which includes Malibu, Pacific

Palisades, Brentwood,

Venice, and areas of LA

which fall west of I-405 —

saw an 18-percent increase

from 4,659 homeless individuals

in 2016 to 5,511 in

2017. Of the eight service

planning areas outlined

by LAHSA, the West Los

Angeles area saw a greater

increase than area 2 (San

Fernando Valley) and area

8 (South Bay), which each

saw just 4-percent increases.

However, it fell well behind

the other five service

planning areas.

Across all areas LAHSA

tracks, Antelope Valley

and East LA County saw

the largest increases at 50

percent apiece, and San




Gabriel Valley (31-percent

increase) and Metro

LA (30-percent increase)

trailed behind.

“Much has to be done to

reduce the homeless population

because we all see

homeless in the streets everywhere,”

Waldman said.

“There’s really no community

that’s immune from it.”

Trends within the data

The homeless youth and

veteran groups are top priority

groups for LAHSA,

Waldman stated.

“We’re concentrated

on all areas, but those are

the ares where we really

want to see a turnaround

as quickly as possible,” he


In its 2017 count, the

LAHSA report states there

were 5,983 youth (4,536

of them unsheltered) experiencing

homelessness on

a given night — a 61-percent

increase from the prior

year’s figures. The agency

defines youth as those who

are “Transition Age Youth

(18-24), Unaccompanied

Minors (under 18) and

Young Families (where no

person is above the age of


In LA County, there are

an estimated 4,828 homeless

veterans on a given

night, with only 1,289 of

them residing in a sheltered

living situation, the report

notes. The figure represents

a staggering 57-percent increase

from 2016 figures

and a 20-percent increase

from 2015 tallies.

Waldman noted that LA

Mayor Eric Garcetti, during

a May 31 event announcing

the results at the LAHSA

building, spoke about the

increase in the number of

homeless veterans.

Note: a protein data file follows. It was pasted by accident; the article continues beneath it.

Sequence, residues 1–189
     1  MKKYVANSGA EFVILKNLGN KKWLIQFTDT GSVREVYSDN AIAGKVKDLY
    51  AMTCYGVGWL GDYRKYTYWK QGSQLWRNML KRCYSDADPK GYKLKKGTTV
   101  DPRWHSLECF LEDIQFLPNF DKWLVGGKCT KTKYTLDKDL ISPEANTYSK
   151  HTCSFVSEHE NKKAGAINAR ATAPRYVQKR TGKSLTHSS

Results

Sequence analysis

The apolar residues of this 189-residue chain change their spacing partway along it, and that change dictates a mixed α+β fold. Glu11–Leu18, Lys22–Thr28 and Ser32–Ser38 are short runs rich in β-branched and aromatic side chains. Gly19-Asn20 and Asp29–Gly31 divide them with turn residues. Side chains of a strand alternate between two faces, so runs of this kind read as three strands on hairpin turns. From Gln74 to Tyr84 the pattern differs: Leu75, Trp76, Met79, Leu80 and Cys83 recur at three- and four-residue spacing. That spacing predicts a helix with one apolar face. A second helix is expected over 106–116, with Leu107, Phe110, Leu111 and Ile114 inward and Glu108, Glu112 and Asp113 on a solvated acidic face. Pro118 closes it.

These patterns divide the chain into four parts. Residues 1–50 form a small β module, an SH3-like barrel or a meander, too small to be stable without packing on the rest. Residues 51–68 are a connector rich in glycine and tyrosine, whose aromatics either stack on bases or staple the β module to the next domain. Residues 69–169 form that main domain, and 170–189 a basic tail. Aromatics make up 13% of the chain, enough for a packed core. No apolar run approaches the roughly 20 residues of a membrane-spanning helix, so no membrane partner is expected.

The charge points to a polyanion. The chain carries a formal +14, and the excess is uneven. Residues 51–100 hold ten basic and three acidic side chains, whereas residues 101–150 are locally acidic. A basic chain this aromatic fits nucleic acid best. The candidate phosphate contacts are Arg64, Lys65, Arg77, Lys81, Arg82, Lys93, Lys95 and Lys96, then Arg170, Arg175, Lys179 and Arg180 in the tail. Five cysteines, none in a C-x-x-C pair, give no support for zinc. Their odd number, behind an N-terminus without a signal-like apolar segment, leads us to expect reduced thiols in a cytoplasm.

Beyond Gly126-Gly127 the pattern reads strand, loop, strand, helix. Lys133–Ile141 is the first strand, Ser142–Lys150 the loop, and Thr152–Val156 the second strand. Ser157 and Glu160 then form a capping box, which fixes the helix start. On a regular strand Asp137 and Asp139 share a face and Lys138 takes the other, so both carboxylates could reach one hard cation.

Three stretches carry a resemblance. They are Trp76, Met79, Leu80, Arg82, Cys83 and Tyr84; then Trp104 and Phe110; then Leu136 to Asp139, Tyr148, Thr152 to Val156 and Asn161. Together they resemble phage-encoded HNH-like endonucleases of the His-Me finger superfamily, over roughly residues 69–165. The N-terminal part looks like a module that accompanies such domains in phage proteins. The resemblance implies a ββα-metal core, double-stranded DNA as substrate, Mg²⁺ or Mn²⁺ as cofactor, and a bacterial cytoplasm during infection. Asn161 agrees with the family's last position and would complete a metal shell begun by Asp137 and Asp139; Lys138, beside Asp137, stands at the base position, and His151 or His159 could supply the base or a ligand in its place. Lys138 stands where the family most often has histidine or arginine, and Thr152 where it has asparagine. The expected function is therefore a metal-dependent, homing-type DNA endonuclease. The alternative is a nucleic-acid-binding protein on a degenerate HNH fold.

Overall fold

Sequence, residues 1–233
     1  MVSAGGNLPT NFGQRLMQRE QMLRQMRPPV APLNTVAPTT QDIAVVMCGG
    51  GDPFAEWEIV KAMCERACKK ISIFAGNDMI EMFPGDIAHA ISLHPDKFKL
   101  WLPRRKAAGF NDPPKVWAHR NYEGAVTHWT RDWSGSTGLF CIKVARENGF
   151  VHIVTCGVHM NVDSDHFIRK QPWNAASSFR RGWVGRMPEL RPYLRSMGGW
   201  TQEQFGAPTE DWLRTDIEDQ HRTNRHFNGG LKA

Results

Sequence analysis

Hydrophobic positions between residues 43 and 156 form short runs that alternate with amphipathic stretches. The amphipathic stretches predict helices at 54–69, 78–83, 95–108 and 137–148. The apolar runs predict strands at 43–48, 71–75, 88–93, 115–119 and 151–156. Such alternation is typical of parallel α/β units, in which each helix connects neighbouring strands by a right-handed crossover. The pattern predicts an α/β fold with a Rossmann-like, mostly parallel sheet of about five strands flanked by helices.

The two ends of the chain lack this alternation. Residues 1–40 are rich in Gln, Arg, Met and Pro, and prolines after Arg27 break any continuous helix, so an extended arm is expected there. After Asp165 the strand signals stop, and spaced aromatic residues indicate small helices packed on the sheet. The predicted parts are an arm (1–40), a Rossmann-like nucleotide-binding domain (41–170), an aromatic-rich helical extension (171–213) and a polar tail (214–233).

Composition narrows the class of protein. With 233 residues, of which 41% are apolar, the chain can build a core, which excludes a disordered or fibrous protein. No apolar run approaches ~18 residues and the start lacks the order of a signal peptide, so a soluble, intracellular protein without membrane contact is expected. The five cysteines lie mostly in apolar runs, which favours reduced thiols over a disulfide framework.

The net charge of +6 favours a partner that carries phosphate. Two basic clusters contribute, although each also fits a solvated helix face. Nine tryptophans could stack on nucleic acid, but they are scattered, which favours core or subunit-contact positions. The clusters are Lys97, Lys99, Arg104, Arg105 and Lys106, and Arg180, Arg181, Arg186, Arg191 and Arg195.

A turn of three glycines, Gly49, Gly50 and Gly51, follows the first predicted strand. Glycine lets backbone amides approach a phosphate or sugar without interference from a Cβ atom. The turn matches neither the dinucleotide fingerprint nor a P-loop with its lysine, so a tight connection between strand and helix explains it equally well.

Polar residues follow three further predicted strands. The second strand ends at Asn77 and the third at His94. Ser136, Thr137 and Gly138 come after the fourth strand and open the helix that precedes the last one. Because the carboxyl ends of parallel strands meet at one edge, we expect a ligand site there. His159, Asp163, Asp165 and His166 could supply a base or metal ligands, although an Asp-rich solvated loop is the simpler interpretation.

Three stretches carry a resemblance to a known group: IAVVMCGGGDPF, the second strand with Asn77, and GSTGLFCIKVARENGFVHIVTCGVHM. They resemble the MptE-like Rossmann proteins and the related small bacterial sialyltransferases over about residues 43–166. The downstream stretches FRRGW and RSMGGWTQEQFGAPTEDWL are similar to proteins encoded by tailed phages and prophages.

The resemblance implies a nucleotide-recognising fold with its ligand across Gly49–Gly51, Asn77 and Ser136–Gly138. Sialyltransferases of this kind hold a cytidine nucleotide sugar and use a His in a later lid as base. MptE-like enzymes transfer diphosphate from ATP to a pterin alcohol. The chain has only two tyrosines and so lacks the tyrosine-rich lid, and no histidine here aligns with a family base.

“That was something

that stood out, because

there had been a concerted

national effort to reduce

that population,” Waldman

said, adding that Garcetti

hopes to amend that issue

on the local level.

The number of veterans

placed into housing in 2016

declined by 5 percent from

2015 to 2016, with 3,548

veterans placed in 2016 and

3,769 placed in 2015.

On the brighter side

The report does also

note a housing placement

increase among some segments.

Despite the number

of homeless youth,

the count noted that 1,209

youth were newly housed

in 2016 — representing a

24-percent increase from

2015 and a 59-percent increase

from 2014.

Family housing placements

were also up 4 percent

from the year prior.

Waldman said that this

year’s data “just serves as

further evidence that we

have so much to do to turn

this around and fortunately,”

he said, “this year the

voters have really provided

tools for us to do that.”

Waldman spoke about

the anticipated positive

impact from Proposition

HHH, which applies to

the city of Los Angeles,

and the county-wide Measure

H, which passed with

a 68-percent majority in


“Sometimes with issues

around social justice,

there’s a certain kind of

hopelessness because you

don’t think you have the

tools and the resources, but

we certainly have been given

that at the right time,”

Waldman said.

Measure H alone is expected

to generate $355

million annually, which is

expected to support roughly

45,000 families and individuals

across Los Angeles

County. Those funds are

expected to be available in

July, Waldman noted.

For its part, LAHSA also

provides county-wide outreach

efforts and emergency

response teams, though

Malibu is fortunate to have

outreach teams such as The

People Concern, the Malibu

Task Force on Homelessness

and the Community

Assistance Resource

Team in its own backyard.

The full results of the

2017 Homeless Count can

be seen at



Advertise your rental property

in the paper Malibu turns to first.

Call Malibu Classifieds

at 708-326-9170


Malibu surfside news | June 7, 2017 | 11

A mutual honor

Navy League honors naval cadet at awards ceremony

Malibu Navy League Board Member Lisajo Magee (left) presents a check and certificate

of achievement to Midshipman 2/C Cyril Pascual at UCLA’s annual awards ceremony.

Photo Submitted

Library’s summer reading

program to kick off soon

Submitted by County of Los

Angeles Public Library

When school lets out and

children are looking for vacation

fun and adventure,

they can join the library’s

summer reading and discovery

program, “Reading by

Design!” and check out the

summer reading and learning

activities at their county


The Malibu Library is located

at 23519 Civic Center

Way. For more information,

call (310) 456-6438.

From June through August

this summer, the County of

Los Angeles Public Library

will introduce children to

reading and learning adventures

at all county libraries.

Participating children

track their own progress by

recording the activities they

complete and books they

read or have read to them.

Using a take-home Reading